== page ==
Helping young people to get a start in life
2012-10-31 - ABB is taking part in a scheme in South Africa to address the skills gaps of students who leave college with little prospect of employment in industry. It’s a scheme which benefits the student, the community and ABB.
The 50 percent unemployment rate for people between 15 and 24 in South Africa is partly due to the gap between the education provided by public vocational schools and industry requirements.
To improve the situation, ABB joined the Swiss-South African Co-operation Initiative (SSACI) in 2008 to provide workplace experience for engineering students at Further Education and Training (FET) colleges. The scheme also equips lecturers with tools and skills training.
SSACI is a public-private partnership between the Swiss government’s International Agency for Development and Cooperation, and Swiss and South African companies. About 40 companies, including ABB, support the program both financially and by hosting students.
About a dozen students come to ABB every year under the scheme. Four have been hired by ABB since the program started.
Hands-on experience: The students learn how ABB equipment works
Work experience at ABB
Earlier this year, nine students from South West Gauteng College in Soweto township spent their two-week holiday break gaining workplace experience at ABB’s facility at Longmeadow, which provided learning opportunities in the Power Systems and Process Automation divisions, front-end sales, business in Sub-Saharan Africa, and service sectors.
They received support from ABB mentors, got to know different departments, learned how to apply their theoretical knowledge in practice, and received a taste of corporate working life.
Pacha Mukuna, a sales engineer who has mentored students on several occasions says: “The students came to us with a very stereotypical view of industry and had no idea what sales actually does. With this work experience, we have helped to create alternative career paths and new perspectives for them.”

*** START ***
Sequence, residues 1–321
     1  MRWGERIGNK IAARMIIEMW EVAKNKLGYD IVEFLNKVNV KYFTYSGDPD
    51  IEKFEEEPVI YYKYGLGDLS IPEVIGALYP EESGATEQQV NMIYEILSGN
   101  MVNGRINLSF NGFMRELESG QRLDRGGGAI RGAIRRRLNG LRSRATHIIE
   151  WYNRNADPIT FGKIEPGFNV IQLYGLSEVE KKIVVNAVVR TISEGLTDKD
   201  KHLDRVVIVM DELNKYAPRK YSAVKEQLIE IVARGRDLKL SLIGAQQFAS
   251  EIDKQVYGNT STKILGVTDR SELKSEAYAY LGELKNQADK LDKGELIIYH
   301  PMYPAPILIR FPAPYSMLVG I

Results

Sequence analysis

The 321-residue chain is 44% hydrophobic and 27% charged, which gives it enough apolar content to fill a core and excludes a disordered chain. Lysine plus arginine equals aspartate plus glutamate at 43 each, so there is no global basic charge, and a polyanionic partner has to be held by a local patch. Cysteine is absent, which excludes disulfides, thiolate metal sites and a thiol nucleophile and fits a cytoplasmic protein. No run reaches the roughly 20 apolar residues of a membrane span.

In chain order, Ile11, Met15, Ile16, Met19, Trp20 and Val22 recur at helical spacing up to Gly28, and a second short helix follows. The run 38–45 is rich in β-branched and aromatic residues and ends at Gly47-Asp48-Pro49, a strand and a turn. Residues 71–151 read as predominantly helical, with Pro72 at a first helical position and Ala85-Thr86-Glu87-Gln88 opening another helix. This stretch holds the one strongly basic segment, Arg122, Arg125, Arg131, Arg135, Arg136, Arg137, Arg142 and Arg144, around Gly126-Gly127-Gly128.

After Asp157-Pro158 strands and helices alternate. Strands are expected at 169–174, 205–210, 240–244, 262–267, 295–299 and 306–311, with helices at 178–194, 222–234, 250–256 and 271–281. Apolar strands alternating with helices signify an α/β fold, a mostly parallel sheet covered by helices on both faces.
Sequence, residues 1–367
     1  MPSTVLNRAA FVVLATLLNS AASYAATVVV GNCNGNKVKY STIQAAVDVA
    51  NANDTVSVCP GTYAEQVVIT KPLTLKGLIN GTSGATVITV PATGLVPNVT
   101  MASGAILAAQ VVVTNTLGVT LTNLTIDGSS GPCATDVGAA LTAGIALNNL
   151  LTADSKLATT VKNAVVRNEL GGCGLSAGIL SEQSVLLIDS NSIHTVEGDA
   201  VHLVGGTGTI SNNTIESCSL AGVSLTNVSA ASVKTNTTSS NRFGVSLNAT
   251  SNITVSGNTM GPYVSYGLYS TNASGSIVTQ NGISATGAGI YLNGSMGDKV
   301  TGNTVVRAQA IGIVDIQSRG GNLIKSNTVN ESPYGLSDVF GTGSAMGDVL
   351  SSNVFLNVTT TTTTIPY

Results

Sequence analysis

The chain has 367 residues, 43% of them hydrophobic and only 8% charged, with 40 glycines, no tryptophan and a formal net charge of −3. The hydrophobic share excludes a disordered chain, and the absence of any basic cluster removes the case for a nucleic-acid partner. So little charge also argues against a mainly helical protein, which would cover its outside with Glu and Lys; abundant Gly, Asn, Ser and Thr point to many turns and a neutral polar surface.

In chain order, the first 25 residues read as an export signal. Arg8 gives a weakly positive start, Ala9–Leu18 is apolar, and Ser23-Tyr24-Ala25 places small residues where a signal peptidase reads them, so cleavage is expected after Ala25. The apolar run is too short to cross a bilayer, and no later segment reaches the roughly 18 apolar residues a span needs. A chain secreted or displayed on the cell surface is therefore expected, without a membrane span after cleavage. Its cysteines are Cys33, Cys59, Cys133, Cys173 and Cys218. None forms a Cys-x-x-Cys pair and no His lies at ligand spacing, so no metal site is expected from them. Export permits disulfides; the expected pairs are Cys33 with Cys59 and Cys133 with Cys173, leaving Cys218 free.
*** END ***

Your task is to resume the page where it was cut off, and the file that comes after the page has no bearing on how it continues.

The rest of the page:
Cecilia Makhado, a 23-year-old student says: “Being in the Sales Department at ABB made me aware for the first time how important it is to talk to your customer.” For Michael Mothlwula, 21, the experience was eye-opening. “I could see how things are connected to each other and that everybody needs to work together. Practical tasks became much easier to understand.”
The college teachers also see the benefit. Xoliswa Elizabethy Diyane said: “After work experience at ABB, students work faster on projects and have a better overall understanding.” Another teacher, Rebecca Malebo Langa observes: “Students gain confidence because they experience that things they learn can actually be applied in industry, and they are now really looking forward to get an opportunity to work.”
Students are introduced to ABB's technology at the Longmeadow facility
The work experience also has a positive impact on students’ grades and career prospects. According to Edith Mashile, Campus Manager at South West Gauteng College: “In 2007 hardly any of our students were able to pass the National Certificate Vocational level because of a lack of vocational experience. In the past year we have seen good progress. This is also the case for work placements: while formerly we had a rate of less than 10 percent we have now been able to place almost 80 percent of our students.”
The workplace experience also has positive aspects for ABB employees. As Pacha Nukuna says: “To be able to broaden a person’s perspectives in a professional environment was very beneficial, and quite a fulfilling feeling for me as well. It was also an excellent opportunity to brush up my leadership skills.” Jonas Paseka Mokoena, Manager of After Market Services says the experience was very enriching. “It made me very proud to help give these kids an opportunity for their future. We planted some seeds that can make them better students and good future employees.”
Shiven Sukraj, Local Division Manager of Process Automation concludes: “With this workplace experience we initiate interest in and awareness of ABB. The students may turn out to be future employees or they could become future customers, both of which would be excellent.”
Creating business value
There are other potential benefits from the scheme. Phindo Mohlala, Vice President Human Resources of ABB in South Africa, says: “Corporate social investment is one of the main vehicles to make our brand visible in public, and such community engagement makes our employees proud to work for ABB.”
Community projects like this may also create direct business value. Confidence Mabulwana, Senior Proposal Engineer, explains that “we can use our community projects as a reference for project proposals. Requests for proposals often require information about what kind of skills a company will develop in the community. It is, for example, a mandatory part when we quote for customers such as Eskom or Transnet. Such community projects can also lead to a competitive advantage”.
Filling the skills gap through work experience schemes clearly benefits multiple stakeholders – not just the students and teachers, but ABB employees and the company itself.